Mtn. Talk: Country Queers
In this episode we bring you excerpts from an ongoing oral history project called Country Queers. Rachel Garringer founded this project in 2013 out of an intense sense of isolation from other rural and small town queer folks, and out of deep frustration with the lack rural queer visibility and history. Since then, she’s interviewed 60 rural and small town LGBTQ+ folks in 15 states. In this episode we’ll hear excerpts from seven interviews.
First, we’ll hear from Sam Gleaves, from an interview took place on his porch in Berea, KY, in July 2016. Sam is a musician from Southwest VA whose music is featured throughout this episode. Sam talks about his love of traditional music & his frustration with restrictions of traditional cultural values in Appalachia.
Then, we’ll hear from Robyn Thirkill, interviewed at her home in Prospect, VA in September 2016. Robyn is a hospice nurse, and lives on the family farm with her mother, two guard dogs, and several goats. Robyn talks about her family farm, and troubling histories around integration of the public schools there in the 1950s.
Tessa Eskander, a young trans woman from Cookeville, TN interviewed in October 2017, who describes the progress she’s made in her relationship with her parents since coming out. David Rodriguez lived and farmed in Bastrop, TX. In this 2014 interview he talks about growing up in a Tejano farming community in Texas, and becoming homeless as a teenager after he came out to his mom.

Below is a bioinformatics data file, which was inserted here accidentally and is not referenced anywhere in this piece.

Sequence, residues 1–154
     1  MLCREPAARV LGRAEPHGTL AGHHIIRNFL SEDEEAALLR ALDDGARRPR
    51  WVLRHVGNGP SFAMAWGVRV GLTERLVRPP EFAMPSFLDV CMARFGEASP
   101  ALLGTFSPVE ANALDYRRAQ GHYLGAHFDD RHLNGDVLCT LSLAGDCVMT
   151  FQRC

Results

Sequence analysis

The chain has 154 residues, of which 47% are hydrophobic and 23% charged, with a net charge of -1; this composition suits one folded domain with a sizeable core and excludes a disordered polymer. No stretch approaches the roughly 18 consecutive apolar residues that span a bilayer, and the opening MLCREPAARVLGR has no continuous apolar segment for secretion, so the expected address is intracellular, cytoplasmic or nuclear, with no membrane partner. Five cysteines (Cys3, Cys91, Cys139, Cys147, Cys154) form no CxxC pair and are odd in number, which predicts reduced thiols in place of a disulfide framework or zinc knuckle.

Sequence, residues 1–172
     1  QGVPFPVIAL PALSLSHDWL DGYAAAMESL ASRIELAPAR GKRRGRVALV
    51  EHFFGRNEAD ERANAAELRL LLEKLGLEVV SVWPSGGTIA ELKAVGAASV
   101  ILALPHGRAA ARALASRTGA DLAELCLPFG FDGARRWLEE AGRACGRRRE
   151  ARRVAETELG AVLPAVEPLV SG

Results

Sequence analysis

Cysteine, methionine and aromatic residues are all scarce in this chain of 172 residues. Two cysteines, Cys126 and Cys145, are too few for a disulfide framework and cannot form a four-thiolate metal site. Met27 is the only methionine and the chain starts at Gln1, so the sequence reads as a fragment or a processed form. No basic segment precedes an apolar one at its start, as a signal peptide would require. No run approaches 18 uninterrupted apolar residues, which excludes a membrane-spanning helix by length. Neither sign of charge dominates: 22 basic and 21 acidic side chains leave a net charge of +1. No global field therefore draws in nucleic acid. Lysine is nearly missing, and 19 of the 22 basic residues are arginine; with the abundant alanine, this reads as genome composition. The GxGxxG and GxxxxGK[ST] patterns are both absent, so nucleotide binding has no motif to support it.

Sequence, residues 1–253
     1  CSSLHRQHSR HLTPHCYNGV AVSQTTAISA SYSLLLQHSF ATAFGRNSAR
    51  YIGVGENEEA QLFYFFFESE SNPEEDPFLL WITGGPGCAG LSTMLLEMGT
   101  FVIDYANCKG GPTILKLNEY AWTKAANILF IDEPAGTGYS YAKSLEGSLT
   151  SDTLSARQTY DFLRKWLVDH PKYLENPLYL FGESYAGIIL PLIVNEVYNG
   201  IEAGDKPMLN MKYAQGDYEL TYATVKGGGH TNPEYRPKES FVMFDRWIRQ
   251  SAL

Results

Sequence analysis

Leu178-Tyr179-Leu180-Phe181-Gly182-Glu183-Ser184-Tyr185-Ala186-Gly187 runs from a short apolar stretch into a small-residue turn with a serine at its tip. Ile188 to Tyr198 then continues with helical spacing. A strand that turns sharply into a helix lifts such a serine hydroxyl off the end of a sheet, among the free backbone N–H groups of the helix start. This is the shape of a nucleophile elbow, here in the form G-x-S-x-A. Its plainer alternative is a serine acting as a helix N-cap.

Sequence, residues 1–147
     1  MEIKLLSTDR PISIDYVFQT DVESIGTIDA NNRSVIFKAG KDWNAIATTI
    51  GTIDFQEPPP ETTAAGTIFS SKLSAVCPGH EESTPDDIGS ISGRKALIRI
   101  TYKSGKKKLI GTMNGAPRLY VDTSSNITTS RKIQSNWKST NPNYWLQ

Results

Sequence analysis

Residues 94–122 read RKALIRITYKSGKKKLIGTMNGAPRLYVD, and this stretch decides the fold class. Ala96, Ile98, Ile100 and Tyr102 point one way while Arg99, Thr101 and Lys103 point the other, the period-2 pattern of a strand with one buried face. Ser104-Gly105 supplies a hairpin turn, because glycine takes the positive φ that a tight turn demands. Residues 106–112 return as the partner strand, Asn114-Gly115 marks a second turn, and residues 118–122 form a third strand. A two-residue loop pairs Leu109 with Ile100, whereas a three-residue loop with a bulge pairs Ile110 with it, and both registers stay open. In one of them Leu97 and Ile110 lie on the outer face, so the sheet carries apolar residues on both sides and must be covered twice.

Then, we’ll hear Sharon Holland, a professor of critical race theory, queer theory, and feminist theory at the University of North Carolina, in Chapel Hill – interviewed in June 2017 at her home. Kody Kay is a trans rodeo-announcer for the INternational Gay Rodeo circuit, and this interview took place at the 2014 Colorado Gay Rodeo in Gay Rodeo in Golden, CO. Kody talks about his work as a rodeo announcer in the International Gay Rodeo circuit, his life in rural CO, and his transition.
Last in this epiosde we’ll hear an excerpt from a 2013 interview with a former nun, who worked at a small newspaper in the rural western MA town where she was raised. She wanted to go by a psuedonym, so we’ll call her “Frances.” She was 78 at the time of this interview.
Music on this episode comes from Sam Gleaves’ 2015 album “Ain’t We Brothers.” Special thanks to Sam for giving us permission to use these songs for this program. We heard the title track, as well as “Two Virginia Boys.”